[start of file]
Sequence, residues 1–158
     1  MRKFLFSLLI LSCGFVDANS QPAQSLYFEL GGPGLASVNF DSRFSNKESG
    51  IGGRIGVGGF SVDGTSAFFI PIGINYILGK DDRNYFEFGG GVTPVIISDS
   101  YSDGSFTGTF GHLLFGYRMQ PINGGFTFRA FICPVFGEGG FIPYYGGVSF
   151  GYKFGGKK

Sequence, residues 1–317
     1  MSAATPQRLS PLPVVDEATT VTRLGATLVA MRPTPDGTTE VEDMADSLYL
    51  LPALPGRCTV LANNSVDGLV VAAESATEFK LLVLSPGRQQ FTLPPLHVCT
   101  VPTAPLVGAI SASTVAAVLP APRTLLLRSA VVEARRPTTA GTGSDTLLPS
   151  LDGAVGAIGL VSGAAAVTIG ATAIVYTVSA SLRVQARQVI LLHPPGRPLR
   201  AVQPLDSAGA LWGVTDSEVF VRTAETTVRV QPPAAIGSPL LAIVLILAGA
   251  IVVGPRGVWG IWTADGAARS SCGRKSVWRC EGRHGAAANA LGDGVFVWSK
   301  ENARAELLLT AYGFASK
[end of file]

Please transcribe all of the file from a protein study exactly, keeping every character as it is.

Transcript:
Sequence, residues 1–158
     1  MRKFLFSLLI LSCGFVDANS QPAQSLYFEL GGPGLASVNF DSRFSNKESG
    51  IGGRIGVGGF SVDGTSAFFI PIGINYILGK DDRNYFEFGG GVTPVIISDS
   101  YSDGSFTGTF GHLLFGYRMQ PINGGFTFRA FICPVFGEGG FIPYYGGVSF
   151  GYKFGGKK

Sequence, residues 1–317
     1  MSAATPQRLS PLPVVDEATT VTRLGATLVA MRPTPDGTTE VEDMADSLYL
    51  LPALPGRCTV LANNSVDGLV VAAESATEFK LLVLSPGRQQ FTLPPLHVCT
   101  VPTAPLVGAI SASTVAAVLP APRTLLLRSA VVEARRPTTA GTGSDTLLPS
   151  LDGAVGAIGL VSGAAAVTIG ATAIVYTVSA SLRVQARQVI LLHPPGRPLR
   201  AVQPLDSAGA LWGVTDSEVF VRTAETTVRV QPPAAIGSPL LAIVLILAGA
   251  IVVGPRGVWG IWTADGAARS SCGRKSVWRC EGRHGAAANA LGDGVFVWSK
   301  ENARAELLLT AYGFASK